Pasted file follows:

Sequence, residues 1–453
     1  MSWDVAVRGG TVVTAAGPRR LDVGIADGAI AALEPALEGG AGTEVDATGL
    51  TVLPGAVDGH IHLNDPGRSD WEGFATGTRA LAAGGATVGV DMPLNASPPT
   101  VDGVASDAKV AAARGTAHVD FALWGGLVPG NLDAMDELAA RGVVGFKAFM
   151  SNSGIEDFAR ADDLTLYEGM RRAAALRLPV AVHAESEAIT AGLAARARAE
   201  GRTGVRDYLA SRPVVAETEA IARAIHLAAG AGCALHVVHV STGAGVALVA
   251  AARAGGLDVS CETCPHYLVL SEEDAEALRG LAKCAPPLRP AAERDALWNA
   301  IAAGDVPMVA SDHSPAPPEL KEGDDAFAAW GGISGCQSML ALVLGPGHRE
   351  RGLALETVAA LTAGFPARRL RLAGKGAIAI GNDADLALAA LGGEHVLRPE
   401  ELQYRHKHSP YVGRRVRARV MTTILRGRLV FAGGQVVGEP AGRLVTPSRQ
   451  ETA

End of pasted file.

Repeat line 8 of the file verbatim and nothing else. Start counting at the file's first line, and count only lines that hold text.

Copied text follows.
   301  IAAGDVPMVA SDHSPAPPEL KEGDDAFAAW GGISGCQSML ALVLGPGHRE